March 31, 2017

Review: Alex, Approximately

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Alex, Approximately by Jenn Bennett
Grade: B+
Release date: April 4, 2017
An e-galley was provided by the publisher via NetGalley in exchange for review consideration.
Summary: Classic movie buff Bailey “Mink” Rydell has spent months crushing on a witty film geek she only knows online by “Alex.” Two coasts separate the teens until Bailey moves in with her dad, who lives in the same California surfing town as her online crush.

Faced with doubts (what if he’s a creep in real life—or worse?), Bailey doesn’t tell Alex she’s moved to his hometown. Or that she’s landed a job at the local tourist-trap museum. Or that she’s being heckled daily by the irritatingly hot museum security guard, Porter Roth—a.k.a. her new arch-nemesis. But life is whole lot messier than the movies, especially when Bailey discovers that tricky fine line between hate, love, and whatever-it-is she’s starting to feel for Porter.

And as the summer months go by, Bailey must choose whether to cling to a dreamy online fantasy in Alex or take a risk on an imperfect reality with Porter. The choice is both simpler and more complicated than she realizes, because Porter Roth is hiding a secret of his own: Porter is Alex…Approximately.

The Good, the Bad, and the Ugly: Jenn Bennett has done it again. The Anatomical Shape of a Heart was a successful blend of romantic conflict and plot outside of the romance, and Alex, Approximately is no different.
Both Bailey and Porter have personal problems that they are trying to overcome, and they both have their own goals, although Porter's were featured a little less than Bailey's. I also liked the focus on family and friendship. Bailey's mom isn't perfect, but she isn't vilified either, and her dad is great and he tries hard, and Bailey isn't mad that he's dating again. I also liked that Bailey and Grace's friendship wasn't all smooth sailing, but their fights aren't petty. Their friendship pushes Bailey to trust people more and not keep them at arm's length.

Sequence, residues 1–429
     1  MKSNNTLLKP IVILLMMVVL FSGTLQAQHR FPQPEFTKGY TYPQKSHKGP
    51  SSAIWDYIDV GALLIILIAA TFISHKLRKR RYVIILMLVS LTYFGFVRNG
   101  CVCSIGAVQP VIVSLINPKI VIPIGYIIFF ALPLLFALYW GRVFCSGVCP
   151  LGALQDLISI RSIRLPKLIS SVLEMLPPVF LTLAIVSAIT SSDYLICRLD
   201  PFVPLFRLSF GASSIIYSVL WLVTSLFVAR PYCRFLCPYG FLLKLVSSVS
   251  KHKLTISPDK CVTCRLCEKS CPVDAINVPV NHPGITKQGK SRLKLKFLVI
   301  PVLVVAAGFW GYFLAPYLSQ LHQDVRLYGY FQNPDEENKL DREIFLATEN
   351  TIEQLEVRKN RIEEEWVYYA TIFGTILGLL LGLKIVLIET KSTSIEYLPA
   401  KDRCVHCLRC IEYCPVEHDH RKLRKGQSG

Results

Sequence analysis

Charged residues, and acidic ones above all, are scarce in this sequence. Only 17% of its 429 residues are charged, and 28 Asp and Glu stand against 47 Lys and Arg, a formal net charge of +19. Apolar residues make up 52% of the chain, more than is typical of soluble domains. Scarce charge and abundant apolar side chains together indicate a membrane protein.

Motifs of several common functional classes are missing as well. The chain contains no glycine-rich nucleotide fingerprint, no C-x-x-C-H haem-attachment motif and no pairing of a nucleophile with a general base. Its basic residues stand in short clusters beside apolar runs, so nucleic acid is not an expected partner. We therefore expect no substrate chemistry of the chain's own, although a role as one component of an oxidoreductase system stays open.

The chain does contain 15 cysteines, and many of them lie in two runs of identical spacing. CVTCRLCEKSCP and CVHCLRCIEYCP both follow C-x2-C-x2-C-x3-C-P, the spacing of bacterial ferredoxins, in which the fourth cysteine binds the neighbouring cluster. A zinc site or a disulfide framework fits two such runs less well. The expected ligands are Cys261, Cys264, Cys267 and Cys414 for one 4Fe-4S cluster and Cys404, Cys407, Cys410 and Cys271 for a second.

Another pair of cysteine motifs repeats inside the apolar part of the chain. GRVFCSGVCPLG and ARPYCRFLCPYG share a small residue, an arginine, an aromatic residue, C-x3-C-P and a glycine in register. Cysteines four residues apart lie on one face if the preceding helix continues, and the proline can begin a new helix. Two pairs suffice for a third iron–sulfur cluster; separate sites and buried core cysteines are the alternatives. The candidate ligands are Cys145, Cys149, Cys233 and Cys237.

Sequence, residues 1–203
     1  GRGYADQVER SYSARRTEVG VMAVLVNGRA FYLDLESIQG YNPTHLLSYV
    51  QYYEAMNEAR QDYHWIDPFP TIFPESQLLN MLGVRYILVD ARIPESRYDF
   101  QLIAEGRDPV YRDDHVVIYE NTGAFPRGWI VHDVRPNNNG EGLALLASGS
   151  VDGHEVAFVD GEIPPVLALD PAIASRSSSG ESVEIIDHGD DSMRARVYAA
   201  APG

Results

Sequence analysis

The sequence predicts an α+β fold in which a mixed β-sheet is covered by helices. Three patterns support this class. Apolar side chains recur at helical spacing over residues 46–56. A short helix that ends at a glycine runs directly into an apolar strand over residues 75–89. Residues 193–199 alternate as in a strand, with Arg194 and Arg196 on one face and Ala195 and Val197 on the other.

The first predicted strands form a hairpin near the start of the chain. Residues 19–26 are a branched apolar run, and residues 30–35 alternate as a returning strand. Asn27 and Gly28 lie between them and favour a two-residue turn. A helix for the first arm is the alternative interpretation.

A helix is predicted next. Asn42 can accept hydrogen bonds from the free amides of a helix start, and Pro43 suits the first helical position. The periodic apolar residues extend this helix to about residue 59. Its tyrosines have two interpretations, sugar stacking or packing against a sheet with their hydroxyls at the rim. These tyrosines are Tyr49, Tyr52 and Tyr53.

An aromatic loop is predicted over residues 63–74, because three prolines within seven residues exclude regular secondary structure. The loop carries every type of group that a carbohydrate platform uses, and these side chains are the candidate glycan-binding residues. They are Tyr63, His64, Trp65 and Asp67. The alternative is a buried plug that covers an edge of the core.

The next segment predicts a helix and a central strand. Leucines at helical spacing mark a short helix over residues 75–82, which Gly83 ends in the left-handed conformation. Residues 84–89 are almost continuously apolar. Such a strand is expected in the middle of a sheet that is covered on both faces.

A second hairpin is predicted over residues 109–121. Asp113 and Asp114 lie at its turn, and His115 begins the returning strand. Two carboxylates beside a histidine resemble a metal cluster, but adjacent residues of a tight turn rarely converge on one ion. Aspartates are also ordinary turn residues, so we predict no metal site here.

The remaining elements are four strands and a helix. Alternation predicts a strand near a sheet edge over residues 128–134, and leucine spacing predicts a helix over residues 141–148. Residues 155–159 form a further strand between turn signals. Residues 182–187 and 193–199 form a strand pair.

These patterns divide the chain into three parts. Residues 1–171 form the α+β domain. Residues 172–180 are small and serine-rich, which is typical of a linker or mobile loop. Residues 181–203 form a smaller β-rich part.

I love any book reminiscent of You've Got Mail, and this one delivered - for a bit. Bailey and Alex stop messaging altogether, and I honestly thought that would be a bigger part of the plot. I also thought she'd hate Porter for longer, so they get together a bit too quickly for my tastes. I mean, I liked them together of course, but I wanted more drawn-out tension. They didn't need to get together on the last page, but I would've liked a little more build-up.
I did like how the online friends plot resolved and that Bailey's dad was smart enough to figure things out, and I liked how "Alex" and Bailey bonded over movies and then each chapter began with a film quote (and the last chapter got a You've Got Mail one, which made me exceedingly happy). 
The Davey subplot bugged the heck out of me. I know it was there for good reasons, but it still rubbed me the wrong way.
A smattering of foul language. I think I only caught the f-word once or twice and the s-word around a dozen times. More sexual content than I like in my YA books, but it's less graphic than other books.

One small little note: both Bailey and "Alex" have just finished their junior year, but Porter's already eighteen? So I'm not sure how that would work, and I don't remember it ever being addressed.

The Verdict: So, so good. I'm really liking this crop of You've Got Mail-inspired stories cropping up (and not just because I'm writing one).


Will I be adding this book to my library?: It's preordered!

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